Pellet therapy is an ideal treatment for patients seeking a convenient treatment that doesn’t require daily maintenance or frequent reapplication. The procedure is safe and virtually risk-free; however, it is difficult to adjust dosage once the pellets are in place and requires surgical removal if treatment needs to be stopped.
Some patients choose to receive regular injections as treatment options for low testosterone. The process is quick, simple and painless. During the process, a doctor injects liquid testosterone into the patient’s muscle. The patient remains under supervision for a short period of time before being cleared to leave.
Patients can typically receive injections and return to normal activities within the hour. Injections prove to be riskier than other methods of testosterone therapy. According to a study published by JAMA Internal Medicine, they are “associated with greater risk of cardiovascular events, hospitalizations, and death compared with gels or patches.”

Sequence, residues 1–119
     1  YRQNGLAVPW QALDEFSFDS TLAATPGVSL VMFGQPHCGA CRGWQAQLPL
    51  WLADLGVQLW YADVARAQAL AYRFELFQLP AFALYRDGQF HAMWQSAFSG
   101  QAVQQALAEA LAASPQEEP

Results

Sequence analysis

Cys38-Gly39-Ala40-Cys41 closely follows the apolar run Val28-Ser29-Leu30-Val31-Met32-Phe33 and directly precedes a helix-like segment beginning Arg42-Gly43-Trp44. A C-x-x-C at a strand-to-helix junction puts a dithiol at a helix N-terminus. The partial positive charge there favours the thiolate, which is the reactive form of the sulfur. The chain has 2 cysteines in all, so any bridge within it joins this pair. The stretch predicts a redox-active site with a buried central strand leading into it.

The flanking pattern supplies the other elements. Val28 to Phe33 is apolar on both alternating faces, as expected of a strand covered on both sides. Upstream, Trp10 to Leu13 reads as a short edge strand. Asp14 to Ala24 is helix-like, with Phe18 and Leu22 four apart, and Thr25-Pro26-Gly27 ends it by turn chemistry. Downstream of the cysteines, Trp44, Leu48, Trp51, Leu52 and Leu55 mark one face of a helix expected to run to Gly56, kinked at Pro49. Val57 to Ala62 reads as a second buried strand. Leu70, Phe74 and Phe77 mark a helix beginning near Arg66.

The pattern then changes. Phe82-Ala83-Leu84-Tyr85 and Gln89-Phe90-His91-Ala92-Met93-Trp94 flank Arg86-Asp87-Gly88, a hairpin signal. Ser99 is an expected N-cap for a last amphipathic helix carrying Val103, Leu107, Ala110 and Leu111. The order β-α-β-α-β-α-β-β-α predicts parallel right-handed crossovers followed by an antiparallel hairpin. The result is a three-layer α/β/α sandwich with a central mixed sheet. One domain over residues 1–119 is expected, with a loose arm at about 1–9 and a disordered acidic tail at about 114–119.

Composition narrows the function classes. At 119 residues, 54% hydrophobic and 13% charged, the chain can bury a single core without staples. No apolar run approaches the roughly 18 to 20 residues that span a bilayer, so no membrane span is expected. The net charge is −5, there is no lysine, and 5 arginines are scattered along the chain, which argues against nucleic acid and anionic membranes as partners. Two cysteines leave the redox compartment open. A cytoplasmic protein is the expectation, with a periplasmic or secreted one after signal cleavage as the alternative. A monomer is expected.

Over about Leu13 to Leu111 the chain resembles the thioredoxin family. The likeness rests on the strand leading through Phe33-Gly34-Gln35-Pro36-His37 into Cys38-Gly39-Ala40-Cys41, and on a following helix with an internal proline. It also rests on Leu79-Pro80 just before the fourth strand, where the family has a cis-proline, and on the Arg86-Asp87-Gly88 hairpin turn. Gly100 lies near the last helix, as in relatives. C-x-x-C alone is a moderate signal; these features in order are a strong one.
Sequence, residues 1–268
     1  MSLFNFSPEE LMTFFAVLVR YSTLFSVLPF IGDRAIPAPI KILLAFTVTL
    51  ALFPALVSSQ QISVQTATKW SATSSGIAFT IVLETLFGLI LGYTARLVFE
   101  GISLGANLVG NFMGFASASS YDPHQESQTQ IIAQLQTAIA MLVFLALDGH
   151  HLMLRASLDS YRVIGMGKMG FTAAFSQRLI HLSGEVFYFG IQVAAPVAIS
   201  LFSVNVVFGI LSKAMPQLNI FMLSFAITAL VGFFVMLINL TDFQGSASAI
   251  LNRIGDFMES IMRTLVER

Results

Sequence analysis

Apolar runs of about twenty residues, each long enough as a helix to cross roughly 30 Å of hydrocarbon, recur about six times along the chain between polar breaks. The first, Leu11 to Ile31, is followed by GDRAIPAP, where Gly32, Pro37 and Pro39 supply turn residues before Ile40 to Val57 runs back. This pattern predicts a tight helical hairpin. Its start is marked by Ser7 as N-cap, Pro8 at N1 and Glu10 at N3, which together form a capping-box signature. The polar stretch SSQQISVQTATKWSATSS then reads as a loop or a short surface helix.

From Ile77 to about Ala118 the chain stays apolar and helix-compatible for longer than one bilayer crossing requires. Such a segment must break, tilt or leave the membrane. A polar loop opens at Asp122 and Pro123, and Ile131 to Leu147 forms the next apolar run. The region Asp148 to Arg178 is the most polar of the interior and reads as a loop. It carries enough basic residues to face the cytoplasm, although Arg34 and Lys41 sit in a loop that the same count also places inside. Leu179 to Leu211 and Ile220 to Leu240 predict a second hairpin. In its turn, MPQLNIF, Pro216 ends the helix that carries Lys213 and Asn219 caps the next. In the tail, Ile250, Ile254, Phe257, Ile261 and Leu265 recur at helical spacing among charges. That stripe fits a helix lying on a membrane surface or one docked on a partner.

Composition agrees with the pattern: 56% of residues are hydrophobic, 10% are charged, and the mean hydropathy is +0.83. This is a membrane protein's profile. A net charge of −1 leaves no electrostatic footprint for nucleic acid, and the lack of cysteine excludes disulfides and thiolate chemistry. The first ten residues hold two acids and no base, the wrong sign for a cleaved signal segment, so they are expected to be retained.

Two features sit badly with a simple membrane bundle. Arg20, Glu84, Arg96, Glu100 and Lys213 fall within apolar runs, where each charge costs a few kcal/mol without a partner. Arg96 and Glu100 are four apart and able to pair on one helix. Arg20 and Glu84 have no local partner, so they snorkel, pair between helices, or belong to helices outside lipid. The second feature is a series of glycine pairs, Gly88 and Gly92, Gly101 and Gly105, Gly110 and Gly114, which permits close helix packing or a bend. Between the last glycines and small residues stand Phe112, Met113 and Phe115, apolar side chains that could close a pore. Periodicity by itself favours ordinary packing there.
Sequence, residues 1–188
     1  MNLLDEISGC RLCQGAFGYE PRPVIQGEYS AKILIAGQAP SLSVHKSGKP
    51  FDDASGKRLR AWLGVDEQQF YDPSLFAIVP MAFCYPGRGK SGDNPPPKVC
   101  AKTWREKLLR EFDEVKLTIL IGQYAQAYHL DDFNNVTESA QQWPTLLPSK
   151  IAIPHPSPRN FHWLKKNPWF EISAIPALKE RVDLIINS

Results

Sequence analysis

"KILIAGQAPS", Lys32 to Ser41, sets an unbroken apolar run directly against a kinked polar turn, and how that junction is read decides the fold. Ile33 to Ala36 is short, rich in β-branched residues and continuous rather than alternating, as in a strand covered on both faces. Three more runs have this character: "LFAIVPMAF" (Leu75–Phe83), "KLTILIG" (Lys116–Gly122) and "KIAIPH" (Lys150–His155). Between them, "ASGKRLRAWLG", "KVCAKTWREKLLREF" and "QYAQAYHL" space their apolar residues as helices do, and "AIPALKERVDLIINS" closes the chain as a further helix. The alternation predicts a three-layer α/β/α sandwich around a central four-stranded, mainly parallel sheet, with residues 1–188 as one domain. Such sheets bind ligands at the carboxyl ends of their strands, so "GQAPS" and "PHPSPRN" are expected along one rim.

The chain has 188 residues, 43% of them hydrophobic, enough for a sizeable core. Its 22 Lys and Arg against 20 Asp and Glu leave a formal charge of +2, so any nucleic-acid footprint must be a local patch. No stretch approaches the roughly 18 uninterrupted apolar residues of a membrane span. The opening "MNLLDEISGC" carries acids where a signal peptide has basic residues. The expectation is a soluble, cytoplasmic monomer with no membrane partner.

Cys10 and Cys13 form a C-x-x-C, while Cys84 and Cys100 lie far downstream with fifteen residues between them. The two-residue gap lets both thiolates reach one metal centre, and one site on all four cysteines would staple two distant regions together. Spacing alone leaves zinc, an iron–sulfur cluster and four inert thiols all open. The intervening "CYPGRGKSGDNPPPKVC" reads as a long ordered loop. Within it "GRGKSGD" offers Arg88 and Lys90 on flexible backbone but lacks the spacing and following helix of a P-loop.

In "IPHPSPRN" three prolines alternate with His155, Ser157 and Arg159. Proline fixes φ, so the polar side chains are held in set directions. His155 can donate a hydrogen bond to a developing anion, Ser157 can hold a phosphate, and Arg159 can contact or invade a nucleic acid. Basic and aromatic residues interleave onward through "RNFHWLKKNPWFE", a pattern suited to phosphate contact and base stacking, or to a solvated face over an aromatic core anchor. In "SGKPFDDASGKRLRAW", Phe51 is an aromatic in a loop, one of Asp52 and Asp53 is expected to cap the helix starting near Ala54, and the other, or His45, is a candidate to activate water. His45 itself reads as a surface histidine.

Treatment Options for Low Testosterone: Lifestyle Change
The natural method of increasing testosterone production is simply to live a healthier lifestyle. Often this involves losing weight, exercising regularly, and eating a natural and balanced diet. Strength training and certain supplements such as Vitamin D and zinc have also been shown to boost testosterone naturally.
Testosterone Treatment Risks
When used to treat hypogonadism, testosterone therapy is rarely associated with serious side effects.
In older men suffering from an age-related decrease in testosterone, therapy can come with a number of risks, including skin problems, an increased risk of heart attack or stroke, and an increased risk of deep vein thrombosis. Men with pre-existing prostate cancer should take caution when undergoing treatment, as testosterone may accelerate existing growths. Testosterone supplements may also increase the risk of developing prostate cancer.